Facing the Future: Facial Recognition Technology Under the Confrontation Clause
In 2015, two undercover police officers purchased cocaine from an African American individual and snapped several photographs of his face. Unable to identify the individual’s name, police sent the photograph to an analyst who used a facial recognition program to determine whether the face looked like any mugshots in the county database. The algorithm returned Willie Lynch’s face as a match, but indicated “only one star of confidence” that the match was correct.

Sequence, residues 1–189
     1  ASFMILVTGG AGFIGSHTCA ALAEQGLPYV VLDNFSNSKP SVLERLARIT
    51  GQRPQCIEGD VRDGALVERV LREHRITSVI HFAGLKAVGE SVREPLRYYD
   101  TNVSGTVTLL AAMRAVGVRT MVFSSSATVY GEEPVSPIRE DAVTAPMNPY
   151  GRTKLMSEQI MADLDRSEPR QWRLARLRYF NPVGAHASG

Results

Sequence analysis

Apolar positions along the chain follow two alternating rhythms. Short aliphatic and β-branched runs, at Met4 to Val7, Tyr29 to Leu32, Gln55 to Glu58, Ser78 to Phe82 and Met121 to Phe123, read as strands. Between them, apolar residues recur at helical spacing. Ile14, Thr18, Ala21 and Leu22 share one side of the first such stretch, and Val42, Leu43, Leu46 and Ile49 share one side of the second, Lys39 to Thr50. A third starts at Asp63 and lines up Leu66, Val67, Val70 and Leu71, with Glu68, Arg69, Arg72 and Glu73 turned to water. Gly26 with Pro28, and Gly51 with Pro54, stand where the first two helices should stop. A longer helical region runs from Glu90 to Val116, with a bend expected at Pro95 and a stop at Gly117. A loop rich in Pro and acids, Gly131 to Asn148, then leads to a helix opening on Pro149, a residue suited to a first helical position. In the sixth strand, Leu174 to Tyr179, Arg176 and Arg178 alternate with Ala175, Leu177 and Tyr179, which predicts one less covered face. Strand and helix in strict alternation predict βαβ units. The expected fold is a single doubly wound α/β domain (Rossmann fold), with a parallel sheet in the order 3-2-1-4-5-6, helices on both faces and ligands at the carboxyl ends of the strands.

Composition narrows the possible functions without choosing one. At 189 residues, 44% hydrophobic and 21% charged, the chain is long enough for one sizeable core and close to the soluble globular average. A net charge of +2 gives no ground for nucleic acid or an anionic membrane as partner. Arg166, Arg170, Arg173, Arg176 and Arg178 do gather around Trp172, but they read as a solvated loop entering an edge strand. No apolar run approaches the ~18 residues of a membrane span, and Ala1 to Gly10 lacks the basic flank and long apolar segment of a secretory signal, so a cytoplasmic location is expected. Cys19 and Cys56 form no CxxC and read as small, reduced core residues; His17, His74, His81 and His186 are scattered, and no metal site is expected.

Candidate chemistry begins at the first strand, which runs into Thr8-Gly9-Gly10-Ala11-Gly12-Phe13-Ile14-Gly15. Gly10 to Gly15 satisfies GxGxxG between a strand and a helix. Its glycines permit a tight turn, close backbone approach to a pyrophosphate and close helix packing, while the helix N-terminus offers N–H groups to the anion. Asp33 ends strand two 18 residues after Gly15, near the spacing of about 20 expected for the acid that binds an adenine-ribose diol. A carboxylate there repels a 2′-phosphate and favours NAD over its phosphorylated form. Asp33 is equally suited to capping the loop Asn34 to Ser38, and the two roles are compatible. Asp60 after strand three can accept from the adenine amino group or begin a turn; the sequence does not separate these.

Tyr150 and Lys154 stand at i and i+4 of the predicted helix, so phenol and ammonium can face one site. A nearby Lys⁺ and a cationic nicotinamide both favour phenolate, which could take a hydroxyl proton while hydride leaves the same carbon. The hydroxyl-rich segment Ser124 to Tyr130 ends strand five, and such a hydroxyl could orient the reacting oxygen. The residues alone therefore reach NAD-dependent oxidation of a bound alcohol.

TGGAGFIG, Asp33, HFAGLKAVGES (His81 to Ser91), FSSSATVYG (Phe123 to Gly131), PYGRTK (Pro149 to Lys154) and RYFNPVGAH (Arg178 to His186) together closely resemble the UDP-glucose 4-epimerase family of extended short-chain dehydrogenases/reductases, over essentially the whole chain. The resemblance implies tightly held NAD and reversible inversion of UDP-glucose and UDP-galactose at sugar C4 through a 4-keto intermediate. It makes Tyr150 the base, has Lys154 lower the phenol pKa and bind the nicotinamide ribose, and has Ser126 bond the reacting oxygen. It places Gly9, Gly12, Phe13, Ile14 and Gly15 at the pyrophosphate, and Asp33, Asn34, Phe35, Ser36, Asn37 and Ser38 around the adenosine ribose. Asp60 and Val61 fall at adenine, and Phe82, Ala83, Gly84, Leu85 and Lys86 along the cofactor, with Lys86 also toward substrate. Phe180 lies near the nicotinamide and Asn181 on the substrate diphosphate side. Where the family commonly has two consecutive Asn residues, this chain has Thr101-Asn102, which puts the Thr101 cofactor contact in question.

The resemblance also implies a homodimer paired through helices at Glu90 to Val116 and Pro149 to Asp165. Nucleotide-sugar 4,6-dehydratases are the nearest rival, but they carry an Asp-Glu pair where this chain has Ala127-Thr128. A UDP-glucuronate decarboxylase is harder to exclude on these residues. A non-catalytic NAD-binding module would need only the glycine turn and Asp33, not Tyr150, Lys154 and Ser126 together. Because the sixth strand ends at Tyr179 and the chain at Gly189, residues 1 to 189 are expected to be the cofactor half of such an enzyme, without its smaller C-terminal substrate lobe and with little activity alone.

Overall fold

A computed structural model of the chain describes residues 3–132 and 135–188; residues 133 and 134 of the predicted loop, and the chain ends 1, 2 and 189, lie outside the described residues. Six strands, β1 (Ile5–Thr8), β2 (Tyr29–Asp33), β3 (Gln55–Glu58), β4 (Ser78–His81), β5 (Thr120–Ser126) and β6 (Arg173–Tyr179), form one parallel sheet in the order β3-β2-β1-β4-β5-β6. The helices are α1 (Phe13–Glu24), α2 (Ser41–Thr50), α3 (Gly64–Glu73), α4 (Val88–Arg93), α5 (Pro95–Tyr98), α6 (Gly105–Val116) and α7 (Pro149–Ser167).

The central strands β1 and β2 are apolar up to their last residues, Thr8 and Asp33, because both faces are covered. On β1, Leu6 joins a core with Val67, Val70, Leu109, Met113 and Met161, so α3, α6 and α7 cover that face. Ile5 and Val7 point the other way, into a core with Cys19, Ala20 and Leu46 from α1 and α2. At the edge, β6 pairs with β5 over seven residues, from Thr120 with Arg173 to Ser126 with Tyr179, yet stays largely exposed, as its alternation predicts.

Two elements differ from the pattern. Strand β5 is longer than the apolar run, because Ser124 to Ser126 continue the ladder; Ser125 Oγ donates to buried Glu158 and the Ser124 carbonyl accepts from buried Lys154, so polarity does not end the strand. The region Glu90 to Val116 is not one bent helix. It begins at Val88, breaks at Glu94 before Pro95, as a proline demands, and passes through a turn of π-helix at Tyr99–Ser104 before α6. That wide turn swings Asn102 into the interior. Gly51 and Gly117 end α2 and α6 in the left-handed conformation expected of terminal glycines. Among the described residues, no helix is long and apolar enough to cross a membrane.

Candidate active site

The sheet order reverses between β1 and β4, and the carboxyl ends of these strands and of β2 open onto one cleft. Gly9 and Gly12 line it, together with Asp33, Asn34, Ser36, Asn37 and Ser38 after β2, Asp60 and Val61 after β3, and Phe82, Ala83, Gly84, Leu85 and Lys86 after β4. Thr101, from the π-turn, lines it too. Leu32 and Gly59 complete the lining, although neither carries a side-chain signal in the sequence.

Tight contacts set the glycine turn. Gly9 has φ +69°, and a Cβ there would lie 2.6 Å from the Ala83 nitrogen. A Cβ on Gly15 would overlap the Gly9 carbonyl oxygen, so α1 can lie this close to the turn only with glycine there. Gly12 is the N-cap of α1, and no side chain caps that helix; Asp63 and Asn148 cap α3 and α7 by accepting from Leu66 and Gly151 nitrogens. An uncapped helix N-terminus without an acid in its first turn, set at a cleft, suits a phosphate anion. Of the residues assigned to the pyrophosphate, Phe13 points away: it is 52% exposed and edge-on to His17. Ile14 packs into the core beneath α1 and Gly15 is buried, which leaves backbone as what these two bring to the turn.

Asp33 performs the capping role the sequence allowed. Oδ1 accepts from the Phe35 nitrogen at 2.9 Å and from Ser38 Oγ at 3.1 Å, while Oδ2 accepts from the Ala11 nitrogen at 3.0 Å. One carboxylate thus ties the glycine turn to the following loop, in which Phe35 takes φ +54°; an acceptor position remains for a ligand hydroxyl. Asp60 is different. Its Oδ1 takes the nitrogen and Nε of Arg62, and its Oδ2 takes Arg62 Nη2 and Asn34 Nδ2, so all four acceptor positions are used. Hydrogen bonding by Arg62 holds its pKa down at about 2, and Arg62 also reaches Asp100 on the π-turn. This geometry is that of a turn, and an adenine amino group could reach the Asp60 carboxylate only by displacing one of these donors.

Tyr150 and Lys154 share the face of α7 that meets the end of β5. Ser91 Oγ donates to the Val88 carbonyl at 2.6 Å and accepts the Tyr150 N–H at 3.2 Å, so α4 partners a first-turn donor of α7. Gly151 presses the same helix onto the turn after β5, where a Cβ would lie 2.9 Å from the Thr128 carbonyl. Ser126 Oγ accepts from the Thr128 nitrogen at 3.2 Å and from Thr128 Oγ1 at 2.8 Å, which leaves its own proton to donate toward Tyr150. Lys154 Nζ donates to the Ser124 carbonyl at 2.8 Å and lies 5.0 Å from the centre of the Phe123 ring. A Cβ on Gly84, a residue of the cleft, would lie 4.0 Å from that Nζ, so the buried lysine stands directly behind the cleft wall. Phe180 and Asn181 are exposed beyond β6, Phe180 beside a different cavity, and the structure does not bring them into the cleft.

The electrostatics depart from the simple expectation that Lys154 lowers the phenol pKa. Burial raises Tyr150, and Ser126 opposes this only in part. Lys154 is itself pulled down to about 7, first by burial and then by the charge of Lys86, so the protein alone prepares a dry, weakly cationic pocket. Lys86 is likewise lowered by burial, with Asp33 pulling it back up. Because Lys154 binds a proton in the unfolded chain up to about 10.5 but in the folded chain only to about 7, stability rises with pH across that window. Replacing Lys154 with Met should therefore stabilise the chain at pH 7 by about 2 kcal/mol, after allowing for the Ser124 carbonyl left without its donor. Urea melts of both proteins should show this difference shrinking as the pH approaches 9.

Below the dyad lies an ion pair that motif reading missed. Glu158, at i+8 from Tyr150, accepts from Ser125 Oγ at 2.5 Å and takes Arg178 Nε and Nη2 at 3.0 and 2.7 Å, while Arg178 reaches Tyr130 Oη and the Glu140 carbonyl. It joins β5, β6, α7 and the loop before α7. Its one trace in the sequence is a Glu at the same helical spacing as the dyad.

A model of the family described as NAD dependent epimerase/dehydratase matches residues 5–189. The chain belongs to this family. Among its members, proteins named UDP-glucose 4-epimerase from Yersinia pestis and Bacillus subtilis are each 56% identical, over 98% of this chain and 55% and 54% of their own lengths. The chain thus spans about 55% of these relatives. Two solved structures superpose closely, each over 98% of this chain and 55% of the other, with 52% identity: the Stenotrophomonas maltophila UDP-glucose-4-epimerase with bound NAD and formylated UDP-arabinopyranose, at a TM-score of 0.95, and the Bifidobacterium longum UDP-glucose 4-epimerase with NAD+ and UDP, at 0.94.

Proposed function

The prosecutor in Lynch’s case did not seek to introduce the facial recognition results at trial, instead relying on in-court identifications by the officers. However, the day where prosecutors seek admission of facial recognition evidence to identify criminal defendants at trial is growing closer. What happens when a prosecutor wants to tell a jury that a facial recognition algorithm matched Willie Lynch to the image of the perpetrator?